The Future of Business Events

Author: Deborah Sexton       

Take a glance at this year’s Meetings Industry Forecast, and you’ll see the future looks bright for business events. Exhibitions will continue to grow, perhaps by up to 3 percent next year. RevPAR — already on a seven-year growth spurt — will continue to increase, although perhaps more modestly. And global business-travel spending is slated to rise by 6 to 7 percent in the next few years. (As always, these projections are dependent on stable economies, governments, and travel policies.)

As you dig deeper into the data and expert opinions this year’s forecast has brought together, one of the most interesting storylines is the role of technology. Of course, you don’t need a crystal ball to tell you that technology will have a profound impact on business events of the future, but this year’s forecast includes more on how high-tech advancements will help event stakeholders make connections and improve the live experience, aid them in their quest to get to know attendees even more (and improve their bottom line), and alleviate common travel woes. As Marco Giberti, author of The Face of Digital: How Digital Technologies Are Changing the $565-Billion Events Industry, tells us: “I think that finally organizers realize that event tech is a critical part of their business and a key growth opportunity, and not just a ‘nice thing to do.’”

At the same time, a theme that recurs is how technological advances have increased people’s desire for human connections. After all, isn’t that one of the key reasons — or the reason — people value face-to-face events? It’s the eye contact, the handshake, the nod of the head, and sometimes just the sheer gathering of people in one room from different places and maybe different walks of life. And it’s up to us to preserve — even capitalize on — the human touch at our events.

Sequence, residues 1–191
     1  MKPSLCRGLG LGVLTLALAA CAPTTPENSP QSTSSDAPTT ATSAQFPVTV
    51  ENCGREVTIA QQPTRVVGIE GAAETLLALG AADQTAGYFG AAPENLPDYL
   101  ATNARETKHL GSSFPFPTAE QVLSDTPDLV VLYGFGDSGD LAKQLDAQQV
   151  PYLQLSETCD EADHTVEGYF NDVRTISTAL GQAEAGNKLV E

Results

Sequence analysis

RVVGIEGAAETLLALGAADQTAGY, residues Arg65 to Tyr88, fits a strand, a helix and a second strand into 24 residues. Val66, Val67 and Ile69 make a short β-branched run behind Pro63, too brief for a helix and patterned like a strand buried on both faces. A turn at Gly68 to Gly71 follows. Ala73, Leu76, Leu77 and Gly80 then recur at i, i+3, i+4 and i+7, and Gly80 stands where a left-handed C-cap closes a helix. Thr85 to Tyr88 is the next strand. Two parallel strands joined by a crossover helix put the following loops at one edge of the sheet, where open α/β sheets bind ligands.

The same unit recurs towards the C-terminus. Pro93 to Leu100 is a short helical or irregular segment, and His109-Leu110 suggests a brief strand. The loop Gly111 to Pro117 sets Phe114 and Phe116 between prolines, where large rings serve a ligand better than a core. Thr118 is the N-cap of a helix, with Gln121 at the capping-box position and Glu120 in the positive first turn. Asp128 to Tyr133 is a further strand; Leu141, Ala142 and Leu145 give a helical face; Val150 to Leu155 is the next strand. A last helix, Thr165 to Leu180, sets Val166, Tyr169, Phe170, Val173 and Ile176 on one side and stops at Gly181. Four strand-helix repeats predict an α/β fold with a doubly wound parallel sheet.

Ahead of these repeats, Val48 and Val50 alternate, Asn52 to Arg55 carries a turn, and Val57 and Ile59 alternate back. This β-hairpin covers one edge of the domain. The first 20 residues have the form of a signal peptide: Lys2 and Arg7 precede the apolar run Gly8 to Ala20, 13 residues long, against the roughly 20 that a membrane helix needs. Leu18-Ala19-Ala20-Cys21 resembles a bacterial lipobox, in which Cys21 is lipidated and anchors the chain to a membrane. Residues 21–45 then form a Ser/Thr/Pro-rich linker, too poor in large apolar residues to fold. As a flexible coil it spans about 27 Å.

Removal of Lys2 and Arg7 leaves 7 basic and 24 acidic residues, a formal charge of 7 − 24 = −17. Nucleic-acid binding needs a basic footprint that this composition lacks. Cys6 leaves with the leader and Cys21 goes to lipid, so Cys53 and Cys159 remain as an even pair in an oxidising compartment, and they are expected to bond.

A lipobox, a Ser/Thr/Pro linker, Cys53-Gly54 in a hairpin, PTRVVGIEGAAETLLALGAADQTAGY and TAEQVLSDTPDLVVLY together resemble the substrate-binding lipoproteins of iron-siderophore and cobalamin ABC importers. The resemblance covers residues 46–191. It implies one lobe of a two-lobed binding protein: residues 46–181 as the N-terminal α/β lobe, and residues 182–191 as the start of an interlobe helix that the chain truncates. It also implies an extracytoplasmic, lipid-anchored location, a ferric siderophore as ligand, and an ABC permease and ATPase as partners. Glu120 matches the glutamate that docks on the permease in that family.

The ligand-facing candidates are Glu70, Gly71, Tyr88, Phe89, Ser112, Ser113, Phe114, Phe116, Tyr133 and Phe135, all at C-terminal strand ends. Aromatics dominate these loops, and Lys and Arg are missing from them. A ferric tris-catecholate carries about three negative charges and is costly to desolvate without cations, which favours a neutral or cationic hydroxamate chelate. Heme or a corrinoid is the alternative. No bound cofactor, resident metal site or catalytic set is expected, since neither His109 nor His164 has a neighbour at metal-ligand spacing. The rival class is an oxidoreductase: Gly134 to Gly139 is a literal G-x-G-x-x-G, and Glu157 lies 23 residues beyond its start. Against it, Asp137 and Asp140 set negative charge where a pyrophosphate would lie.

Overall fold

This doesn’t just fall to event organizers. Hotels, airlines, and other travel- industry players need to recognize this, too. “Hotel investment in more technology will not necessarily create better experiences,” according to A.J. Singh, Ph.D., a professor at Michigan State University’s School of Hospitality Business. “Look for companies that recognize this fact and are investing in staff training to have a more emotional and empathetic connection with the guest — in other words, increasing the human-interaction quotient in hospitality.”

One more story on the technology front: All the advancements we’ve seen have increased concerns about privacy and security. As event-technology guru Corbin Ball notes in our forecast: “Hackers will almost inevitably target some events via an online registration system and/or a mobile event-related app (likely an Android version) in the near future.”

At this point, “to have technology or not to have technology” is not the question. Rather, it’s a matter of balancing the benefits of high-tech with the benefits of human touch. When we find that balance, that’s when our business events will truly shine.

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